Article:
Hospitals fulfilling patients’ end of life care wishes win national award
Wards in seven acute and community hospitals received awards recognising the excellent, proactive, person-centred, coordinated care they provide their patients approaching the end of life.
Members of the nursing teams from the front running hospitals were presented with the Gold Standards Framework Quality Hallmark Award by Dr Premila Fade, End of Life Care Lead at the British Geriatrics Society, which co-badges the award, at a special ceremony in London.
Dr Fade said: “All clinicians caring for patients in hospitals need to be able to recognise when end of life is approaching and help patients and their families plan appropriately for their future care. Hospital wards achieving GSF accreditation are inspirational, proving that they recognise this important responsibility and are committed to providing quality, coordinated care to their patients who are approaching the end of life. I am delighted to be able to present them with this important award."
Having completed the GSF Community Hospitals Training Programme, all the successful wards, at Alderney, Blandford, Westhaven and Victoria Community Hospitals (all in Dorset) and Danetre Community Hospital in Daventry, were assessed by a panel of independent experts. The wards demonstrated that they proactively assess and meet their patients’ needs at this most vulnerable time, helping them communicate their wishes and coordinate their care. The hospitals have demonstrated the ability to better plan patients’ care with GPs and District Nurses as well as fulfil their wishes in terms of how and where they are cared for.
Two community hospitals are being re-accredited after three years of sustaining and building on this work. Patsy Hatfield a Ward Sister at Danetre Community Hospital in Daventry, which, along with Blandford Community hospitals is the first to be accredited for the second time, said that the GSF training had imbued the nursing team with a new-found confidence to initiate conversations with patients and families about the care they want as they approached the end of life.
She added: “The biggest difference between then and now is that we are so much better at talking to the patients and their families and helping them to plan their care. This makes life so much simpler and easier for everyone.
“Many of our patients when they are first admitted say that they would like to die at home. But when they actually come here and feel safe and well cared for they change their mind, and many opt to die here instead.”
Implementation of the GSF training has empowered staff at Alderney Hospital in Poole, Dorset to enable patients to achieve their preferred place of care too.
Chris Clarke, Manager of Herm Ward at Alderney Hospital, said: “The move can be distressing for patients with advanced dementia and their families. Since we started the GSF programme, no one has been transferred to the General Hospital and died there. In fact, we are now able to offer patients and their families a range of options in line with their wishes; whether to stay here, maybe go to a care home or even go home to die.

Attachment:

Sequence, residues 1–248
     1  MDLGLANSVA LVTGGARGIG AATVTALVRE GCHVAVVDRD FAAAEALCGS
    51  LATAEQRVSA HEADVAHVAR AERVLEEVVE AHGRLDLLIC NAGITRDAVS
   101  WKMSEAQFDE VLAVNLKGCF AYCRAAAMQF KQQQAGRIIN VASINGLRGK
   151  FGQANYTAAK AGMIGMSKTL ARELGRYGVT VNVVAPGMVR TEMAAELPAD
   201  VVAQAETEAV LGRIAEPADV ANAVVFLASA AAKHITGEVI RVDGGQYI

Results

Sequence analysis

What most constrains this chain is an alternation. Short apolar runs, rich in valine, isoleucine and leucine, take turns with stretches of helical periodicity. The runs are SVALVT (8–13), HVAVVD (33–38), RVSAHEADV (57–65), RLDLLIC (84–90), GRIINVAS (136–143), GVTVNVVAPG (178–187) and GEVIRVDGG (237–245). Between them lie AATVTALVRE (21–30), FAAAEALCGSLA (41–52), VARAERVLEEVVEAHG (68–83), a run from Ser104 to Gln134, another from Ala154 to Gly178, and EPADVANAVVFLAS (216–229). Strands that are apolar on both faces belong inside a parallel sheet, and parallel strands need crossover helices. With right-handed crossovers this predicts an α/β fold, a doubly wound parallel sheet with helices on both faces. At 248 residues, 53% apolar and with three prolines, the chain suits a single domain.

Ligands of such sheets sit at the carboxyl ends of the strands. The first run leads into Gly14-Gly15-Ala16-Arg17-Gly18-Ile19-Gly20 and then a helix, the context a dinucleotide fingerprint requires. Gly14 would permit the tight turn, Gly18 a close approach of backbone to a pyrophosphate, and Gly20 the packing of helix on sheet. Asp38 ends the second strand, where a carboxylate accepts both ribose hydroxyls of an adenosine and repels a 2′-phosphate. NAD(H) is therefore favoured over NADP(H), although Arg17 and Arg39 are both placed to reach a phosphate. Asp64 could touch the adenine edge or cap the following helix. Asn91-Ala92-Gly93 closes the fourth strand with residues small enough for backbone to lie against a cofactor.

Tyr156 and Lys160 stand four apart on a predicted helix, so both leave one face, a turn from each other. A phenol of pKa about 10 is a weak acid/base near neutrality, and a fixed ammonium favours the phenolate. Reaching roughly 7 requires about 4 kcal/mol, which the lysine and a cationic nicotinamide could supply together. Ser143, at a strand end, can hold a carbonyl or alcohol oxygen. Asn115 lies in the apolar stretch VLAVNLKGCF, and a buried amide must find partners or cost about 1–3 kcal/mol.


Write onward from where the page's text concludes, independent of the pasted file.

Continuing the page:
Three wards at Royal Devon and Exeter Foundation are the first from an acute hospital to be reaccredited by the GSF Centre, proving the sustainability of their end of life care. Three wards at Southend University Hospital Trust received the award for the first time.
Wendy Warner, Palliative Care Lead Nurse at Southend UHT, said: “It has been fabulous to support the wards and teams and see them flourish as part of the GSF programme. It has helped us to embed advance care planning for those patients who are approaching the end of their life in order to meet their wishes and where appropriate to avoid hospital admissions. It has also helped us to focus as a whole team and improve further our care for patients in their last days of life and their families.”
The GSF Centre is the UK’s largest provider of training for health and social care staff, enabling them to help people live well as they approach the last phase of their lives. The 12 GSF Quality Improvement training programmes have been developed to enhance care within the community, hospitals and all settings in planning and implementing care for those patients thought to be in the last stage of life.
GSF National Clinical Director Professor Keri Thomas said: “These hospitals are making a huge difference to the lives of patients and their families. They are doing this by achieving early identification rates, of over 30% in acute hospitals and two thirds in community hospitals, which leads to more anticipatory care in line with people’s wishes and more able to live and die well where they choose.
“Through dedicated, planned and coordinated care, these wards are frontrunners and exemplars to others in what can be achieved in hospital care, supporting their population of people in the last phase of their lives.”
Public Relations, Gold Standard Framework Centre